·         Between 2003 and 2009, RNs’ wages decreased by nearly 2%, during which time labor force earnings as a whole increased by 1.2%.  This translates to real weekly earnings of $1,059 in 2003 to $1,039 in 2009.[55]

·         LPNs’/LVNs’ median weekly earnings increased by 7% from 1996 to 2006.  In the past six years, these earnings increases have slowed, increasing 2.7% from 2003–09.  In dollar amounts, median real weekly earnings for LPNs/LVNs increased from $691 in 2003 to $710 in 2009.[56]

·         Unions can significantly affect nurse wages.  Nurses covered by a union contract in 2009 earned 18% more per hour than non-covered nurses, while LPNs/LVNs represented by unions earned a wage premium of 10%.  This translates to a weekly earnings (40 hours per week) increase of about $256 for RNs and $88.80 for LPNs/LVNs—an annual gain of about $11,333 and $4,618, respectively.[57]

·         In cities with a strong union presence, wages are higher even for nurses who are not in unions.[58]

 SEQ CHAPTER \h \r 1After Accelerating for a Decade, Union Organizing Declines

·         Health care workers represent a large portion of all workers holding representation elections.  More than one in eight of the 2,674 NLRB representation elections held in 2006 was held among workers in the health care industry.  Workers in this industry were more likely to vote for a union than in industries in general:  58.8% for health care, compared to 55.5% for all industries in 2006.[59]

·         The number of representation elections in the health care industry increased by 47.7% between 1990 and 2000, while overall, there was a 6% decline in representation elections.  Between 2000 and 2006, the number of representation elections for nurses decreased by almost 38%, compared to a drop of 36% for all industries.[60]

·         Among RNs, union membership dropped off between 1994 and 1995, falling from 17.3% to 15.2%.  In the decade since, union membership has rebounded to 18.6% in 2009.  Union density fell from 12.8% in 1995 to 11.6% in 2009 among LPNs/LVNs.[61]

·         The percentage of RNs represented by a union also jumped downward between 1994 and 1995, from 20.1% to 17.6%.  Again, in the following decade there was a rebound, to 21.5% by 2008.  For LPNs/LVNs, union representation dropped from 15.6% to 9.7% by 2008.[62]

National Labor Relations Board (NLRB) Decisions Hinder Nurses’ Rights

·         Supervisors lost their rights to collectively bargain, complain or protest working conditions without risk of being fired and a supervisor could lose their job for refusing to help an employer fight a labor union.[63]

·         In September 2006, the NLRB ruled to expand the definition of “supervisor,” and allow employers to take union protections away from nurses and other workers.  In a set of cases known as Kentucky River, the NLRB ruled that permanent or rotating charge nurses should be considered supervisors.  Dissenting members of the NLRB panel wrote that the decision “threatens to create a new class of workers under federal labor law:  workers who have neither the genuine prerogatives of management, nor the statutory rights of ordinary employees.” 

·         In Oakwood Healthcare Inc. the NLRB found that 12 charge nurses were supervisors under the law because of their authority to assign nurses to particular patients.[64]

·         The Kentucky River cases could cause 8-34 million skilled workers across the country to be designated as supervisors.[65]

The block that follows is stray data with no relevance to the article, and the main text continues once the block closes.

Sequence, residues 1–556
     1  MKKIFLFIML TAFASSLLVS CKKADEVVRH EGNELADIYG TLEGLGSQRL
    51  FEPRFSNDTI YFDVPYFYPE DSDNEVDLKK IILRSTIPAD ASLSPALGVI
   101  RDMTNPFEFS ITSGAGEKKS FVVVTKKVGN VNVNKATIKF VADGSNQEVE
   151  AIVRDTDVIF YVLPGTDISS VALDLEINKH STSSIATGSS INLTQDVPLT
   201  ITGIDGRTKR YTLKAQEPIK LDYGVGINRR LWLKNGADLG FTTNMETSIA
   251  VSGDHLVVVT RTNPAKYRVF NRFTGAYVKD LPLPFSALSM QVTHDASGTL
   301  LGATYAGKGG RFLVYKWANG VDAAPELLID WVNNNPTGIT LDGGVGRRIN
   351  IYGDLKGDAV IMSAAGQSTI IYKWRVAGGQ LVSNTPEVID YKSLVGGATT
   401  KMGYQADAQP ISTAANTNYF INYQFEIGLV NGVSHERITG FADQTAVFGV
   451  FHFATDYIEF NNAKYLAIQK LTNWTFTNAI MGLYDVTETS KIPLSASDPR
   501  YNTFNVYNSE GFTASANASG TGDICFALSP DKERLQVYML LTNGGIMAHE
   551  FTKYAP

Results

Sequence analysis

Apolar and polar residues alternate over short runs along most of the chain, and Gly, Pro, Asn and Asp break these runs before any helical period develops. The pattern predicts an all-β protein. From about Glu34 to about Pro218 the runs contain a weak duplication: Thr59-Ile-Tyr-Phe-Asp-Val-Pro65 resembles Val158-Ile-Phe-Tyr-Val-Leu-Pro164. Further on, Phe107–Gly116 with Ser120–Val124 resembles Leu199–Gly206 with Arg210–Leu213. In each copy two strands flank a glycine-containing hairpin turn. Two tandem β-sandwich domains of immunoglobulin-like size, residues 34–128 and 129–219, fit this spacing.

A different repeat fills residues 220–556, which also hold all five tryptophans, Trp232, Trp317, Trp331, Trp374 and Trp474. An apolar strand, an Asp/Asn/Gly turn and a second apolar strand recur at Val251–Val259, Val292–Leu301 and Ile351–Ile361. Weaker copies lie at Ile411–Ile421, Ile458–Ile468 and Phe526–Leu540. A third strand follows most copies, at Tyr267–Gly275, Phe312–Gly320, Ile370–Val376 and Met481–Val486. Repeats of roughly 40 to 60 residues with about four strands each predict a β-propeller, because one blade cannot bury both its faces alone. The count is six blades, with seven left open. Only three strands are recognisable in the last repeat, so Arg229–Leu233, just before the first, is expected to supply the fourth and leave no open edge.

·         843,000 RNs and 123,800 LPNs/LVNs will be affected by the Kentucky River decisions.[66]

·         Under Oakwood, 64 out of 153 nurses at the Salt Lake Regional Medical Center were declared supervisors.  For some departments this meant 10 out of 12 nurses or ratios of 12 supervisors for every five employees.[67]

·         Unions, DPE, and the AFL-CIO continue to fight the Kentucky River ruling and its consequences, including recruiting co-sponsors for the RESPECT ACT (H.R. 1644/S. 969) during the 110th Congress, which sought a return to the intent of Congress in defining who is a “supervisor” under the National Labor Relations Act.[68]


[1] U.S. Department of Labor, Bureau of Labor Statistics, Current Population Survey [CPS], Table 11, 1998, 2009.

[2]  Lacey, T. Alan and Benjamin Wright.  “Occupational Employment Projections to 2018”, U.S. Department of Labor, Bureau of Labor Statistics, Monthly Labor Review, November 2009.

[3] Lacey and Wright, op. cit.

[4] U.S. Department of Labor, Bureau of Labor Statistics, Current Population Survey, Table 11, 1996, 2009.

[5] Ibid.

[6] Ibid.

[7] U.S. Department of Health and Human Services, Bureau of Nursing, “Preliminary Findings:  National Sample Survey of Registered Nurses, 1980–2004”.

[8] U.S. Department of Health and Human Services, Health Resources and Services Administration, “Projected Supply, Demand, and Shortages of RNs, 2000–2020”, July 2002.

[9] Buerhaus, Peter.  Journal of the American Medical Association, June 14, 2000.

[10] American Association of Colleges of Nursing, Press Release, “New Data Confirms Shortage of Nursing School Faculty Hinders Efforts to Address the Nation’s Nursing Shortage”, March 8, 2005.

[11] American Association of Colleges of Nursing, Press Release, “Despite Surge of Interest in Nursing Careers, New AACN Data Confirm that Too Few Nurses Are Entering the Healthcare Workforce”, February 26, 2009.

[12] “Nursing Faculty Shortage”, AACN [fact sheet], March 2009.

[13] Fang, Di PhD and Aye Mon Htut, “Special Survey on AACN Membership of Vacant Faculty Positions for Academic Year 20082009”, AACN, July 2008.

[14] Ibid.

[15] Ibid.

[16] Ibid.

[17] Ibid.

[18] Institute of Medicine, “Keeping Patients Safe:  Transforming the Work Environment of Nurses”, 2003.

[19] Joint Commission on Accreditation of Healthcare Organizations, “Healthcare at the Crossroads:  Strategies for Addressing the Nursing Crisis, August 2002.

[20] Laschinger, Heather K. Spence and Michael P. Leiter.  “The Impact of Nursing Work Environments on Patient Safety Outcomes:  the Mediating Role of Burnout/Engagement”, The Journal of Nursing Administration, Volume 36, Number 5, pp. 259-267, May 2006.